Monday, October 25, 2021

White Zombie

The first Zombie movie and what an opening entry.

Of course this is before the gut devouring shambling zombies, but traditional haitian zombies and one I feel we need to see more of. If ever I was to make a zombie movie it would be voodoo zombies, though even in this film they call them the living dead. So the story follows a couple in Haiti who are about to be wed, but their host for the wedding is smitten by the bride and enlists the help of the zombie lord, played outstandingly by Bela Lugosi, leading the husband and a local preacher to try to break the hypnosis and rescue the girl. For a film made in 1932 it actually has a ton of ambition and really more modern techniques employed throughout it. We get split screens, screen wipes, a scene shot in one long continuous take and ends exactly where the scene began, framing through objects, it really is a very fine looking film and not just because I found a really damn good print for free on YouTube by Cult Cinema Classics. Yes this is one of those public domain movies and the fact you can get it in such great quality and the movie is barely over an hour long, you have precisely nothing to lose. I feel this is Bela Lugosi's most devilish, creepy, and evil performance and I treasure him in Dracula, and while the menace is undoubtedly there in that movie there is just something here that strikes me. I still stand by my claim that eyes can be the most terrifying thing in the world and Bela firmly proves that here. He's on top performance and you can tell he is relishing every moment. Never to shy away from the rest of the cast, I think the couple does fine and while John Harron is very much the straight laced dashing young hero he does bring a bit to the part, and Madge Bellamy is the epitome of what I think women looked like in the roaring 20s and the early 30s, I actually quite liked the preacher who is a more light hearted character but comes through in the end. It's great to finally see it after so many years of seeing it through different films, shows, and even music. I doubt it's any surprise Rob Zombie named his first band after this film, and he just has a lot of appreciation for cult horror from the early days of cinema which I in turn appreciate. It is well worth seeing, one stop short of classic but it has it's abundance of fans and I'll gladly be one. Join in and get hypnotized, zombified, and creepified by this film. 4 stars, 7.5/10, and it's tradition at this point to review at least one black and white horror movie but considering this is the last full week of October, and a good chunk of this month has been non-horror related stuff, stay tuned throughout the week for even more classical noir thrillers.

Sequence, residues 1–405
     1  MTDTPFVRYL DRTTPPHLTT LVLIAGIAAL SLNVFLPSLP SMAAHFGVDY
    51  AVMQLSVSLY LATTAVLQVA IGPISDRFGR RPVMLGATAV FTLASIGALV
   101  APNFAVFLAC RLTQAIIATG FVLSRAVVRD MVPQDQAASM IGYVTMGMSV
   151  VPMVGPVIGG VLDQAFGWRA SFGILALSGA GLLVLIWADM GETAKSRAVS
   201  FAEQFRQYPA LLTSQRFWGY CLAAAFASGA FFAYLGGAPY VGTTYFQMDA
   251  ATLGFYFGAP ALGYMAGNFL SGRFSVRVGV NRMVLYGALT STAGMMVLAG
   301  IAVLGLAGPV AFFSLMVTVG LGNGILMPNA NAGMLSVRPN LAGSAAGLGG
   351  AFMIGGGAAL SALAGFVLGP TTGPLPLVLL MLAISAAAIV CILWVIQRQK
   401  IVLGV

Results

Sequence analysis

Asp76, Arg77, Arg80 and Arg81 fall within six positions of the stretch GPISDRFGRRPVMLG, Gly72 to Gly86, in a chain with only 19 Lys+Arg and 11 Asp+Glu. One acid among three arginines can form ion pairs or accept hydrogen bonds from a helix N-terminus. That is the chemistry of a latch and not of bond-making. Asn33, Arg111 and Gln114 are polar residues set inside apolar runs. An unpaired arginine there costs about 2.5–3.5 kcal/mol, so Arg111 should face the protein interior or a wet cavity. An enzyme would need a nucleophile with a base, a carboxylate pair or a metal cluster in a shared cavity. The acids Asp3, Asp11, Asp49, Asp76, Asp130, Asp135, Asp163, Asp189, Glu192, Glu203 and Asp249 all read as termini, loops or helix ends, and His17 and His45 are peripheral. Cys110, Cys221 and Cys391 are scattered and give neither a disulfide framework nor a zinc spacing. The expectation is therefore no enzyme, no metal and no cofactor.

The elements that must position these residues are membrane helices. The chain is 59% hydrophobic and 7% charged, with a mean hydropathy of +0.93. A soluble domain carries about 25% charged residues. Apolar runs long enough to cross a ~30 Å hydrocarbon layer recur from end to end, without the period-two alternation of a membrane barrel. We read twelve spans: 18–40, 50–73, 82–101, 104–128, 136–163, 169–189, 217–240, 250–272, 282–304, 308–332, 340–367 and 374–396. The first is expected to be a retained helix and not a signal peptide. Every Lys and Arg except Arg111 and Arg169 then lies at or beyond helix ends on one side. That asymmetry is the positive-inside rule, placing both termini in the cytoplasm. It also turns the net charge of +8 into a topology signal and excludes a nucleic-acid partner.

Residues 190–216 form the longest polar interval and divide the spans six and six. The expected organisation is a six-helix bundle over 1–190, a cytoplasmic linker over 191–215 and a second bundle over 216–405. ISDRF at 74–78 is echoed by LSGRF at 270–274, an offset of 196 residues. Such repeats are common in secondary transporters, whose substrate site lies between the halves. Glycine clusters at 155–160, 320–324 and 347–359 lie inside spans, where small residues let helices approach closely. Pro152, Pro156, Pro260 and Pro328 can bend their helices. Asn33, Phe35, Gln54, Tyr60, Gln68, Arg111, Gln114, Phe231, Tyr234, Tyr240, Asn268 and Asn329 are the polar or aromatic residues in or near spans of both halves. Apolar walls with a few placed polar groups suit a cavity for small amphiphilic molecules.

No comments:

Post a Comment